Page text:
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Two months ago we moved our last customer still running their own email server to Google applications. As we have seen with our other customers, there was a short stressful period as they adjusted, followed by great satisfaction as they moved from using Outlook to Gmail's web UI. It starts with one or two employees discovering the power of live collaboration on spreadsheets or simple document sharing. They become internal evangelists, and pretty soon the whole organization is realizing productivity gains.


In some cases it takes a year or more of gentle nudging to get an organization to make the switch. Customers in areas such as finance and healthcare take the longest. They are understandably nervous about the security of their data. The idea of their information being held in a nebulous, hard to visualize cloud is scary. The fact of the matter is that in every case we encounter, we are moving them away from set-ups that feel secure, because they are easy to understand, but are in fact for more vulnerable to security violations and data loss. It may be comforting to know that your email is on a box you can identify in your company's server room, but who has access to that room? Is it physically secure? Who is in charge of backups? Is he or she a highly trained specialist with a well documented geographically redundant and regularly tested backup system in place? Even if the answer is "yes" (which it never is) the followup question is, "Is this cost effective?" Of course not.


With services like Google Apps and Amazon's EC2 reaching maturity, it really doesn't make sense for most companies to host their own email, file servers, web servers or web applications. Google is a $120B company with everything to loose if they suffer even one serious security breach or lose critical business data. They know this, and they have taken extraordinary efforts to ensure this doesn't occur. Their systems and processes have passed a rigorous independent SAS 70 type 2 audit. Anyone who has visited one of Google's facilities knows they are fortresses with multiple levels of physical security and military-like protocols. There are no engineers hanging out with their girlfriends in the server room. There are no casual visitors leaning on the racks. Google's network and application security people are among the best in the world. If you think your email is more secure just because you know where your server is located, whether its in your own office's server room or Joe's Auto Parts and Mail Hosting, I assure you, you are wrong.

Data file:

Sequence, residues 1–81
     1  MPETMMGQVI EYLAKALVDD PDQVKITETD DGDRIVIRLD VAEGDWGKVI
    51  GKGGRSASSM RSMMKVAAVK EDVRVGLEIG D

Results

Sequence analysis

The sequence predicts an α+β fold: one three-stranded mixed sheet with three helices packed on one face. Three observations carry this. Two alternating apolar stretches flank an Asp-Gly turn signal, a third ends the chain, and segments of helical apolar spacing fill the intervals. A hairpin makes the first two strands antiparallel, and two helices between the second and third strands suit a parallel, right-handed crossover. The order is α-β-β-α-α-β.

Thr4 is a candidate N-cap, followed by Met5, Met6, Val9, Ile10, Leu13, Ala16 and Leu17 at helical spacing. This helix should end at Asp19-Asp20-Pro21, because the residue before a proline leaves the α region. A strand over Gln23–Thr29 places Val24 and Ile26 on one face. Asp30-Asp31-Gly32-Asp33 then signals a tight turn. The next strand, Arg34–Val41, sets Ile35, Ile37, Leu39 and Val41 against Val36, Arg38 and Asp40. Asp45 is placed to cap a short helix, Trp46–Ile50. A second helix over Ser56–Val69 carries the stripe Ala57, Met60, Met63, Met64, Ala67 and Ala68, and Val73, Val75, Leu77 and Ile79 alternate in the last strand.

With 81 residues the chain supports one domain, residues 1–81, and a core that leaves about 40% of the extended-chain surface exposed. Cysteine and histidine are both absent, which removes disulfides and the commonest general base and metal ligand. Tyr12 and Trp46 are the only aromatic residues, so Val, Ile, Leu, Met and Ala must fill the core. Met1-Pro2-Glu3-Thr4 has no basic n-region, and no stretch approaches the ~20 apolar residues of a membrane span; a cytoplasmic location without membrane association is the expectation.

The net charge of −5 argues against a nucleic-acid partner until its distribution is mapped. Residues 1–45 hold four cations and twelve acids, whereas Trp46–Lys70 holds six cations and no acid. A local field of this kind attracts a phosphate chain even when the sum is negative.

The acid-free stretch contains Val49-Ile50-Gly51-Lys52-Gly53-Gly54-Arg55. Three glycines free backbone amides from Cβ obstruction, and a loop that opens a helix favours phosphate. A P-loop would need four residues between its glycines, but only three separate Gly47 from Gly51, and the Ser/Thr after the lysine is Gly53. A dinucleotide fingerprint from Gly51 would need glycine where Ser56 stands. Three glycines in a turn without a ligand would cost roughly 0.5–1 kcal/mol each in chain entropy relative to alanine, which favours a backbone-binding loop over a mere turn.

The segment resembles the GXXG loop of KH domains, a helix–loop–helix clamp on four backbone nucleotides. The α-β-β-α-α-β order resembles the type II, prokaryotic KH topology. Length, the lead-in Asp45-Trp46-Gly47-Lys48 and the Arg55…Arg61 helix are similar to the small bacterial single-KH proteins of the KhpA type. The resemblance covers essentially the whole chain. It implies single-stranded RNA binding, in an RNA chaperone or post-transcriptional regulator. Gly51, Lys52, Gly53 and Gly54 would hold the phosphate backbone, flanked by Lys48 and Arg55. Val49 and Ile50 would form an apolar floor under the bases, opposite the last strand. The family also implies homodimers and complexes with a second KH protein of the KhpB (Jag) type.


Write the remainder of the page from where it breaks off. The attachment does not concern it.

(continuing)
The reliability and risk factors of the large SaaS providers are becoming utility-like, akin to providers of electricity and phone services. Of course there are still hiccups, just as we have with any other utility (yes HECO, I'm looking at you), but not nearly as many as you are likely to encounter with a server tucked away in the corner of your office. Its easy to make the technical, financial and security arguments for using established SaaS vendors. I've been in many situations where a decision maker agrees with all the arguments but still can't bring himself to make the move. It takes time to get comfortable with the abstraction of software services from their physical origins. Our children will find this as amusing as we find survivalists that live in caves, generate their own electricity and poop in buckets. For now, we just need to do our best to educated the business community about the advantages of letting the professionals at Google, Amazon and Salesforce.com handle their critical data and application needs.